This is delicious and I think it tastes very like traditional brown soda bread. It’s a little crumbly unless you make it the day before you want to eat and store in the fridge. If this is too annoying (I don’t mind this) you could add an egg to the mixture to bind it. I also line the bottom of the loaf tin with silicon/baking paper (and grease this too) just in case it should stick. But you don’t really have to.
1 large tub of organic natural yogurt (400 ml or 500g) or home made kefir
2 tubs (about 800ml) gluten-free porridge oats (use the yogurt tub that you just emptied) or if you eat gluten, normal porridge oats
2 rounded tsp of baking soda
2 tbsp of oil (virgin macadamia oil, melted coconut oil or olive oil)
A handful of porridge oats or poppy seeds for sprinkling on top
1. Preheat your oven to 200°C
2. Get a big bowl and mix all of your ingredients gently but thoroughly
3. Grease a 2lb (900g) loaf tin (try using the coconut oil for this – tastes great)
4. Pour your mix into the loaf tin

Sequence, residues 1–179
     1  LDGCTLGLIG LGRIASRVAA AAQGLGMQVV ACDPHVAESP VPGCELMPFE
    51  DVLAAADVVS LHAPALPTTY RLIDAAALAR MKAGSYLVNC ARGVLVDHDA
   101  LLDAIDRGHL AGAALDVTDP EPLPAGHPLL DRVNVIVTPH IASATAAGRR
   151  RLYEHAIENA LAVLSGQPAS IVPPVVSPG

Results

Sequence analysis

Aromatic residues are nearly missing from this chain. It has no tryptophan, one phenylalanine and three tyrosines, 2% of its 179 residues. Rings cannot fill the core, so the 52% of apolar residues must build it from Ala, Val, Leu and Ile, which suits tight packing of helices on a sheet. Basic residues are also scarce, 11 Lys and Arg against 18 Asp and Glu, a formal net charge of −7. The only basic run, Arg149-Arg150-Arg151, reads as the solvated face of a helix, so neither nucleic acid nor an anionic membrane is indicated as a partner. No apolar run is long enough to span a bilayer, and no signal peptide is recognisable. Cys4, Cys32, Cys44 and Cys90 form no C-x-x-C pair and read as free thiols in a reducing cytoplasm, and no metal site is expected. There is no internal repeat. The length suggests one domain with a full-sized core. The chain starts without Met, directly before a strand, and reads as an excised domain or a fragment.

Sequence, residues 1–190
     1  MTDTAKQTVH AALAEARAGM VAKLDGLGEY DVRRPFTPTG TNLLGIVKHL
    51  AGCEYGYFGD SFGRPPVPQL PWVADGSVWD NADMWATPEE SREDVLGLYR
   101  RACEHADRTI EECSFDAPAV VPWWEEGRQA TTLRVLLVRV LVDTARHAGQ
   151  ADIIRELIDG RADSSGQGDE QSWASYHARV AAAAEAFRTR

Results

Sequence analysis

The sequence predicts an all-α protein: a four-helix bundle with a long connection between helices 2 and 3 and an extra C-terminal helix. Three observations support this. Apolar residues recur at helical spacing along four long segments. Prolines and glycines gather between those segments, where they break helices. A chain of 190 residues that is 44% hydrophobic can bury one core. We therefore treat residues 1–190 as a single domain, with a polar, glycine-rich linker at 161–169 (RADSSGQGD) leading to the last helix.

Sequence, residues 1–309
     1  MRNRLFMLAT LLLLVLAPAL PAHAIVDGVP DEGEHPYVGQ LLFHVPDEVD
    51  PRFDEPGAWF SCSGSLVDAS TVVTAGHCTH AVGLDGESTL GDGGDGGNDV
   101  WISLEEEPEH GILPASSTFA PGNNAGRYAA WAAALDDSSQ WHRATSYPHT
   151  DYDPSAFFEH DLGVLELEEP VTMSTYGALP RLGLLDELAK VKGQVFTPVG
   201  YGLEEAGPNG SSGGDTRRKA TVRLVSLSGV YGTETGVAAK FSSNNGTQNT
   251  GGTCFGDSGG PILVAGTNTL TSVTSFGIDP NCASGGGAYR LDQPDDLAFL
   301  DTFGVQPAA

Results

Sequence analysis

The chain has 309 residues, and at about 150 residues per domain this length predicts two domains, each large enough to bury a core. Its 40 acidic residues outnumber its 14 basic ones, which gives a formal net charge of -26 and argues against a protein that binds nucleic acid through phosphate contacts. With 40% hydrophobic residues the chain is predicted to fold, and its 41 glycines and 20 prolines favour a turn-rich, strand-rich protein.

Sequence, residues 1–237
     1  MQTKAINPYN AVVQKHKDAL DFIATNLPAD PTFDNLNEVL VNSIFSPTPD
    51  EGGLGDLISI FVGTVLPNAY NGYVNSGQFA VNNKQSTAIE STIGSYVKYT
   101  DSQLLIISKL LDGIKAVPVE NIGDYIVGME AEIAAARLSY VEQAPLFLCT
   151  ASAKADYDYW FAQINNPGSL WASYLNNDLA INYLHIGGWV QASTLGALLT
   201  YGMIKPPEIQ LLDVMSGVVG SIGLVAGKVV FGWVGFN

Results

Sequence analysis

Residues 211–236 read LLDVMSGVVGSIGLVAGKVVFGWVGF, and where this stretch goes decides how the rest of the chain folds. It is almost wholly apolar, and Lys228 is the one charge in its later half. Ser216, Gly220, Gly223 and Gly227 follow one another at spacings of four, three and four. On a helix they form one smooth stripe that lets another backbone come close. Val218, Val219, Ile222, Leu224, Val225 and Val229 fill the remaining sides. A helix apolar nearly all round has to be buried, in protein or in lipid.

5. Put in the oven for 45 mins (at about 15mins, sprinkle some porridge oats or the seeds on top)
6. Take it out and carefully remove from loaf tin
If you really want crispy edges to the bread, put it back in the oven for 5 minutes.
Why this is better for you
Oats are packed with soluble fibre which feeds beneficial bacteria in your gut as well as helping you feel fuller for longer. Oats are naturally lower in sugars than wheat. Wheat (even wholemeal) contains amylopectin which can be fuel cravings and binges. Oats are also far easier to digest because they do not contain gliadin gluten or irritating wheat bran, which can make digestive issues flare up. Natural yoghurt is a much better binder for bread than the refined vegetable oils in a lot of shop bought breads. Refined oils interfere with energy production and cause inflammatory in your body – e.g. in your digestive system or your skin. Other grains such as millet and buckwheat are also healthy choices for making bread. Many people who are sensitive to dairy (milk products) can take kefir. This is because the kefir organisms hydrolyse (break down) casein, the problematic protein in milk. Kefir is also low in lactose because it is digested and turned into lactic acid (hence the tangy, yoghurty taste). Shop bought yoghurt is not usually totally lactose free as the fermentation is not allowed to be completed.